“Carved in Stone”, marble sculptures inspired by life on Mars. An initiative of COSENTINO

Carved in Stone by Cosentino

“Carved in Stone”, organized by Grupo Cosentino, is a competition between architecture and design studios that were proposed to design marble sculptures inspired by “life on Mars”.

“Carved in Stone” was developed in the United Kingdom. The winning projects were those designed by the British architecture and design studios: Cartwright Pickard; Foster + Partners, Hugh Broughton Architects, Ian Ritchie Architects and Tonkin Liu.

The Almeria company Cuéllar Stone carved the designs in 500 x 500 x 500 mm Marble Macael blocks and were exhibited at the Cosentino City in London on the occasion of the London Design Week 2019.



The ‘Giant Phytoplankton Puzzle’ celebrates the wonder of ancient carved ivory puzzle balls and cutting-edge natural science. Carved from a 500 x 500 x 500mm block of Macael Marble, the sculpture comprises concentrically layered Emiliania huxleyi (E. huxleyi) phytoplankton, scaled up 1000 times. The phytoplankton are digitally modelled and exquisitely carved utilising advanced imaging of a single coccolithophore cell, captured by Dr Alex Ball, Head of Imaging and Analysis at London’s Natural History Museum. Tonkin Liu have a long-standing relationship with the Museum, collaborating with their researchers to push the boundaries of biomimetic design in architecture.

Tonkin Liu is a leading London architecture practice with a diverse portfolio of award-winning architecture. Nature informs all their design, as symbols through weather, landscapes and biomimicry.



“Mars in Marble” combines the solid materiality of the stone with the delicate ethereality of light to celebrate the extraordinary beauty of Macael marble.

The outward faces of the cube appear plain with a matt finish, as though they remain untouched. An innovative light source contained within the hollowed-out cube reveals the delicate tracery-like patterns on the inside of each face.

The patterns are 3D reproductions of high-resolution images of Mars that have been milled out of the stone by a robotic arm, with each face of the cube containing a corresponding view of the planet. A composite image of Mars is therefore revealed on the outside, using shadows and the translucency of the carved stone.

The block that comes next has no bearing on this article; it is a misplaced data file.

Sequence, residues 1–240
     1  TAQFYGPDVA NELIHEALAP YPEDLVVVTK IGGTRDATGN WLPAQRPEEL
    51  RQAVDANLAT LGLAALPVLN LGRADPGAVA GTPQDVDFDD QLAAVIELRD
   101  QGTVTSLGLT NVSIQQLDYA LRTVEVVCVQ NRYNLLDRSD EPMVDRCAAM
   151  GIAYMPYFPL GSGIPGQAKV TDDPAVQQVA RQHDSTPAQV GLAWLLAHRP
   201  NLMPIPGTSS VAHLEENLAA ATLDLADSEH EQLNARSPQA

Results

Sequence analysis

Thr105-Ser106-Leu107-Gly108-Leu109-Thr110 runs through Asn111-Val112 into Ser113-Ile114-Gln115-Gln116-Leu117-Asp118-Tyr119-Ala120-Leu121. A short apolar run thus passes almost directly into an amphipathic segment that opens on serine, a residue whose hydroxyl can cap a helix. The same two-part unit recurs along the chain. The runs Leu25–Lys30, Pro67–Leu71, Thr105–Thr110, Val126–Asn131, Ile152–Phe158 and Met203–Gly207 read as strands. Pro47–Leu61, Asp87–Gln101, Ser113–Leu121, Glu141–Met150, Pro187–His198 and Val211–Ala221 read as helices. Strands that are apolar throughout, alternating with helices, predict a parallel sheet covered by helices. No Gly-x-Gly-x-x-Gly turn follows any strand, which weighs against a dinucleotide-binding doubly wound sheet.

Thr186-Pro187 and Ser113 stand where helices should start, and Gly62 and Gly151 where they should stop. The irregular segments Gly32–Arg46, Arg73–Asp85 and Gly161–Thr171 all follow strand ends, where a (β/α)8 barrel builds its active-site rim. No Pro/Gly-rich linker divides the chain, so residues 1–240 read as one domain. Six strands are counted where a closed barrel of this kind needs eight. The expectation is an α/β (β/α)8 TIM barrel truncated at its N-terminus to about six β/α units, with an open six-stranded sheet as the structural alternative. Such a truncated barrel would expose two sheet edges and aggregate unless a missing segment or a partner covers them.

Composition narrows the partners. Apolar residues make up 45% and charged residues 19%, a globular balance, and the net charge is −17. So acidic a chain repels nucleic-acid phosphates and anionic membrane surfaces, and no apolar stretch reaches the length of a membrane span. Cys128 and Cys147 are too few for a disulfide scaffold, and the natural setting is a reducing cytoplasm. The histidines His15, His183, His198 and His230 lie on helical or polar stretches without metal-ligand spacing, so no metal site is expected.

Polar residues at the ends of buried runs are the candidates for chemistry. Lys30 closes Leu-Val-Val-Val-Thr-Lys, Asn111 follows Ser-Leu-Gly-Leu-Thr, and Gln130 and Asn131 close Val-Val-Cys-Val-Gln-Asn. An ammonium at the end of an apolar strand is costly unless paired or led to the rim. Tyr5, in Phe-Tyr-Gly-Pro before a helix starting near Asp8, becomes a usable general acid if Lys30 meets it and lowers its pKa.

Foster + Partners is an award-winning British architectural design and engineering firm which pioneers an innovative and sustainable approach to architecture and urbanism around the world.



This approach to the Carved in Stone brief of ‘Life on Mars’ looks at people´s dependence on the computer age and our future living symbiotically with Artificial Intelligence.

The marble represents the confluence of binary code and ancient Chinese puzzles.

It consists of three spheres of increasing size encased within a cube. The spheres rotate freely within each other and within the binary cube shell. The spheres represent the gyrating core of future propulsion and the rotating molten rock beneath the mantle of the Martian surface.

Marble, carved, cut and formed to symbolise the digital-analogue future and visually translates the brief of the stone age to the space age.

Ian Ritchie leads this original and influential architectural and design practice based in London which since its inception has received global recognition for its subtly elegant, innovative, exceptionally individual and environmentally intelligent projects.



“The Chasm”. The concept behind the sculpture explores the idea of dividing a whole and being at one with its possibilities. The intricacies of the internal face are inspired by the cell structure of a tree and contrasted against the simplicity of the overall form.

The sculpture uses as much of the original material as possible – “a nod to our responsibility to be sustainable” - and the internal face provided the canvas for the artisan craftsman.

Cartwright Pickard is a research-led practice with over 20 years of experience in the design of inspirational places to live, work and learn. They have an integrated approach to architecture, technology and construction that delivers the best possible results for clients, building users and wider society.




"We stand at the edge of the second age of space exploration and it is time to consider the possibilities of what life on Mars might be like? Hugh Broughton Architects have proposed a Helmet which reflects a habitat nestled within a Martian landscape recently explored by NASA's Curiosity Rover.

Hugh Broughton Architects' experience designing buildings for remote and extreme environments has informed our understanding of the challenges that an off-earth settlement would face.

Hugh Broughton Architects is one of the established talents of contemporary British architecture with a portfolio of high quality and elegant designs spanning the cultural, science and educational sectors with a particular expertise designing projects in remote locations.